JOURNAL ARTICLE

Oxygen and placental development during the first trimester: implications for the pathophysiology of pre-eclampsia

I Caniggia, J Winter, S J Lye, M Post
Placenta 2000, 21: S25-30
10831118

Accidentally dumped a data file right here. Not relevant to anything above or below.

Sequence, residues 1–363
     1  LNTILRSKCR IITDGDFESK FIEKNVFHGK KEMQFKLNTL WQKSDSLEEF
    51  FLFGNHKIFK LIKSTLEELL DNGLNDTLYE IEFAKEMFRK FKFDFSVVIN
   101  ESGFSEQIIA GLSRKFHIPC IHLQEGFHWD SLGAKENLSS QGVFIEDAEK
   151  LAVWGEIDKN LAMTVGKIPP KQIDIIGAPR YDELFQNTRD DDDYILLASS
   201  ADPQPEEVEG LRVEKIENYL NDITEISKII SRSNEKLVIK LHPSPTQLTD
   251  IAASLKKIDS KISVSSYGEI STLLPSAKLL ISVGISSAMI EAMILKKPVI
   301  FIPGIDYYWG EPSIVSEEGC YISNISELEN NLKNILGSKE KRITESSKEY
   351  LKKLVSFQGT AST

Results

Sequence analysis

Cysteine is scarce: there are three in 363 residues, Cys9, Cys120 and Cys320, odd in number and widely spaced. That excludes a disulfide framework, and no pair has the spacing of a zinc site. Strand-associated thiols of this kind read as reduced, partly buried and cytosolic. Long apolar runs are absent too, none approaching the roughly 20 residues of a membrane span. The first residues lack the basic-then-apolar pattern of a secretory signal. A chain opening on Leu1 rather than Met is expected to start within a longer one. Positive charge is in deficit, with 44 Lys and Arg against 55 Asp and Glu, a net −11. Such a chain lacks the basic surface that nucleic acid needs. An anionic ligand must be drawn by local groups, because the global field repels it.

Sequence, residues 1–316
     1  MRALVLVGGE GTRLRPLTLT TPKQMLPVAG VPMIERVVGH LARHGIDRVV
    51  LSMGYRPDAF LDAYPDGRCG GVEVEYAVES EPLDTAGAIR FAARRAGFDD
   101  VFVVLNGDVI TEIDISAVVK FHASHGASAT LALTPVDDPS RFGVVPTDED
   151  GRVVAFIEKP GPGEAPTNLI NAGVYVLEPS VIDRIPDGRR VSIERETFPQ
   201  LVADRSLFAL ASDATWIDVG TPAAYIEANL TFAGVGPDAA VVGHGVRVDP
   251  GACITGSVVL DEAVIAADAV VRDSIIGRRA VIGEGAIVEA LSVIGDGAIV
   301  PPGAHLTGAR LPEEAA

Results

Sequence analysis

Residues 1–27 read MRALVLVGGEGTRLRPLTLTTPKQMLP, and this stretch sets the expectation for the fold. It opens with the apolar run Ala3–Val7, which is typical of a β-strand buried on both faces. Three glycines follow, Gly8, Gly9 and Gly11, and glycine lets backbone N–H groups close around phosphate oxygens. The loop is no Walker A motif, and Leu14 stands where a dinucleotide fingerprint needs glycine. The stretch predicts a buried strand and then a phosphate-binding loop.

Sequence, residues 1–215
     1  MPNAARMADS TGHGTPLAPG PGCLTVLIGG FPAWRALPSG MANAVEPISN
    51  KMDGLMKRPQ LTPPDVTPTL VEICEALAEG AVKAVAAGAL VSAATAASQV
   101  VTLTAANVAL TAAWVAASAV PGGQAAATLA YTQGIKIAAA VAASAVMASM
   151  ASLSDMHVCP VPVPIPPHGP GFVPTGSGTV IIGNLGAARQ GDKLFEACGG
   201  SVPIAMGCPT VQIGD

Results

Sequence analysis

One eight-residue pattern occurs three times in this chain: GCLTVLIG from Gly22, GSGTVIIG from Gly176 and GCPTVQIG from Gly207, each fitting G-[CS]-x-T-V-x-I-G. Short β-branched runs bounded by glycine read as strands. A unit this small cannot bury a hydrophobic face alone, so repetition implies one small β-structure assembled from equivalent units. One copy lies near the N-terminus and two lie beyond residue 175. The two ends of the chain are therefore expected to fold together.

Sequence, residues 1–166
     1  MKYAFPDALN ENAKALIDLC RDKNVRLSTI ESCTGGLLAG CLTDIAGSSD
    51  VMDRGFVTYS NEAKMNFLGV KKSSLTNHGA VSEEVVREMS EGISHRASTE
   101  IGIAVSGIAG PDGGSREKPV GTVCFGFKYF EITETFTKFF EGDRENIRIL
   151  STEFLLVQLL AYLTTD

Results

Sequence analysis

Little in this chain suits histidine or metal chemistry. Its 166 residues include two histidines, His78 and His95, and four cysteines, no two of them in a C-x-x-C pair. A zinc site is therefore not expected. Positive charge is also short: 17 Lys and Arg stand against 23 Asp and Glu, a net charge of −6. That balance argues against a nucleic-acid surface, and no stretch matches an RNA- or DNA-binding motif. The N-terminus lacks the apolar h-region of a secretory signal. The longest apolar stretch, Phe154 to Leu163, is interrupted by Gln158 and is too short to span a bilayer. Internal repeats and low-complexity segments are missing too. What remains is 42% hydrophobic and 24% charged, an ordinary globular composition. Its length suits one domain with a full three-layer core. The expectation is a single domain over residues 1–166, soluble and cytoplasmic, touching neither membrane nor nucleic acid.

During early pregnancy, placentation occurs in a relatively hypoxic environment which is essential for appropriate embryonic development. Intervillous blood flow increases at around 10-12 weeks of gestation and results in exposure of the trophoblast to increased oxygen tension (PO2). Prior to this time, low oxygen appears to prevent trophoblast differentiation towards an invasive phenotype. In other mammalian systems, oxygen tension effects are mediated by hypoxia inducible factor-1 (HIF-1). We found that the ontogeny of HIF-1alpha subunit expression during the first trimester of gestation parallels that of transforming growth factor-beta3 (TGFbeta3), an inhibitor of early trophoblast differentiation. Expression of both molecules is high in early pregnancy and falls at around 10 weeks of gestation when placental PO2 levels are believed to increase. Antisense-induced inhibition of HIF-1alpha inhibited the expression of TGFbeta3, and stimulated extravillous trophoblast (EVT) outgrowth and invasion. Of clinical significance we found that TGFbeta3 expression was increased in pre-eclamptic placentae when compared to age-matched controls. Significantly, inhibition of TGFbeta3 by antisense oligonucleotides or antibodies restored the invasive capability to the trophoblast cells in pre-eclamptic explants. We speculate that if oxygen tension fails to increase, or trophoblasts do not detect this increase, HIF-1alpha and TGFbeta3 expression remain high, resulting in shallow trophoblast invasion and predisposing the pregnancy to pre-eclampsia. Effective fetal-maternal interactions during early placentation are critical for a successful pregnancy. Optimal placental perfusion requires the controlled invasion of trophoblast cells deep into the decidua to the spiral arteries. Trophoblast stem cells, also referred to as cytotrophoblast cells, reside in chorionic villi of two types, floating and anchoring villi. Floating villi, which represent the vast majority of chorionic villi, are bathed in maternal blood and primarily perform gas and nutrient exchange for the developing embryo. During early placentation, cytotrophoblast cells in the floating villi proliferate and differentiate by fusing to form the multinucleate syncytiotrophoblast layer. Cytotrophoblast cells in anchoring villi either fuse to form the syncytiotrophoblast layer, or break through the syncytium at selected sites and form multilayered columns of non-polarized extravillous trophoblast cells, which physically connect the embryo to the uterine wall (Figure 1). The extravillous trophoblast cells invade into the uterine wall as far as the first third of the myometrium and its associated spiral arteries, where they disrupt the endothelium and the smooth muscle layer and replace the vascular wall. This results in the conversion of the narrow calibre arteries into distended uteroplacental arteries, thereby increasing blood flow to the placenta and allowing an adequate supply of oxygen and nutrients to the growing fetus. The invasive activity of the extravillous trophoblast cells is at a maximum during the first trimester of gestation, peaking at around 10-12 weeks and declining thereafter. Insufficient invasion contributes to the development of pre-eclampsia, which often results in fetal intrauterine growth restriction, maternal hypertension and proteinuria. In contrast, unrestricted invasion is associated with premalignant conditions, such as invasive mole, and with malignant choriocarcinoma. Invading trophoblast cells undergo striking and rapid changes in cellular functions that are temporally and spatially regulated along the invasive pathway (Figure 1) (Cross, Werb and Fisher, 1994. The formation of the anchoring villi is accompanied by changes in synthesis and degradation of extracellular matrix proteins and their receptors, and changes in the spatial distribution of extracellular matrix proteins, as well as changes in the expression of adhesion molecules (Damsky, Fitzgerald and

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